With Christmas fast approaching, many Americans are scrambling to finish their last minute Christmas shopping, decorate their homes and prepare for the large feast on Christmas Day. However, not everyone around the world celebrates one of the most beloved American holidays the same. There are many different traditions celebrated all around the world and many cultures believe in different things. From varying traditions that are celebrated around the world to how much is acceptable to spend on gifts, much of this is dictated by the cultural norms.
Christmas takes many shapes around the world. Some children believe in Santa Claus (and his expensive one-night trip) while others celebrate with lights and baked goods. Regardless, almost every country has some form of holiday that is celebrated in the latter part of December. Here is a look at some of the varying Christmas traditions around the world.
Said to be the birthplace of Jesus, visitors and citizens crowd the churches in Bethlehem on Christmas Eve to watch the annual procession. Christians mark their doors with crosses and many display nativity scenes.
There is a large feast known as le Reveillon, which is a very late supper held after midnight mass on Christmas Eve. French children receive gifts from "Pere Noel." He is accompanied by "Pere Fouettard" who reminds Pere Noel just how each child behaved during the year.
Similar and highly influenced by western culture, the Japanese have taken to decorations and gift giving just as many Americans. The God/Priest in Japan named Hotei-osho closely resembles Santa Claus.
Homes are decorated with strings of Mango leaves. Lights are hung as decorations and a sweet treat called Thali is made and shared with friends and family.
How Much is Spent
With Christmas being celebrated in many different countries, it's no doubt that there are differing opinions on what one should spend on gifts. Generally speaking, the greater the GDP per person the higher the amount of money is spent at Christmas time per person. The United States was projected to have a GDP of just below 50,000 per person. It was estimated that each person in the United States spends around $700 on Christmas gifts. Conversely, Ukraine has a GDP of just below $10,000 per person and only spends about $250 on gifts at Christmas. However, the norm doesn't always hold true. Two countries are outliers to the trend: Luxembourg and the Netherlands. Luxembourg has a GDP of $85,000 per person, and despite their high earnings, people in Luxemborg only spend about $775 per person on Christmas gifts.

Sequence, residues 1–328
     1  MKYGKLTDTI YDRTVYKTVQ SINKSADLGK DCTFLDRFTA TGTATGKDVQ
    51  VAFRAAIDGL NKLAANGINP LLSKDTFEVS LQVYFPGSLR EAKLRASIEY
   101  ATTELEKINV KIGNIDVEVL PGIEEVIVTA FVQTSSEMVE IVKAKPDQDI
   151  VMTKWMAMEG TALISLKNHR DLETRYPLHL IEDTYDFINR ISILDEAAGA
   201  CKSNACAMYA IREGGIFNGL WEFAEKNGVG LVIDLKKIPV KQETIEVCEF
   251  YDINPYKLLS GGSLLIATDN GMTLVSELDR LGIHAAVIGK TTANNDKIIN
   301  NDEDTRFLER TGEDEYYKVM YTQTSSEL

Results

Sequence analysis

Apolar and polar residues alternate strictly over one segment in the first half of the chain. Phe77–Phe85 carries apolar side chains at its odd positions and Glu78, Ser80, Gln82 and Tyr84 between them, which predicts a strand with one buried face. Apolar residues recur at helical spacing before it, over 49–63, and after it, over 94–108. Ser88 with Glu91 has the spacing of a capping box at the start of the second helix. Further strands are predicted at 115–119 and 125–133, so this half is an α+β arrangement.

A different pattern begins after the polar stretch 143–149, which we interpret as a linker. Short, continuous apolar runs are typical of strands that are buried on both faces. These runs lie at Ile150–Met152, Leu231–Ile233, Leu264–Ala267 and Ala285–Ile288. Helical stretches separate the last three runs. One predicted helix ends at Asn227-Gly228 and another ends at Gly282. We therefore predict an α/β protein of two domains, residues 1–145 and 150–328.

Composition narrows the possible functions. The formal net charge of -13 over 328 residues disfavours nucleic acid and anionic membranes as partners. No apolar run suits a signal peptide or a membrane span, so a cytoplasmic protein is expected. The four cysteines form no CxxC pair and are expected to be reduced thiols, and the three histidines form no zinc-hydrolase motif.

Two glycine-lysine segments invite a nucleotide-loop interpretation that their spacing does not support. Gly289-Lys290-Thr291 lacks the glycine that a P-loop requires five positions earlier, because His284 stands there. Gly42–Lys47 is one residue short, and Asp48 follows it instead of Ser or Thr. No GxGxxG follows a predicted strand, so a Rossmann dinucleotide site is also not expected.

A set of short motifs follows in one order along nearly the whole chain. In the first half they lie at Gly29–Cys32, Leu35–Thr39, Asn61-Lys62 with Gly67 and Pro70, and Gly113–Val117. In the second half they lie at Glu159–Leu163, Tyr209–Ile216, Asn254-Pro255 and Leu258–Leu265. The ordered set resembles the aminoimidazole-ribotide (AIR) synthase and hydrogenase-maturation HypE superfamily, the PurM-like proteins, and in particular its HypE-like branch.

The other anomaly is the Dutch. The Dutch GDP per person is just above $40,000. However, they spend significantly less than their economic equivalents the Swiss. On average, the Swiss, who have a similar GDP, spend $650 per person. The Dutch remain frugal, spending less than $200 per person on Christmas gifts. The Dutch don't seem to place a high importance on the value of "things."
The Bottom Line
Christmas traditions around the world have been around for hundreds, if not thousands, of years and continue to change as time passes. Whether it's Christmas in India, or a visit from Pere Noel in France, different customs are celebrated around the world, all emphasizing time with loved ones as a priority. How much each person spends on Christmas gifts can differ based on the culture they were brought up in and the traditions they need to uphold. Billions of people gather worldwide to celebrate the festive occasion.
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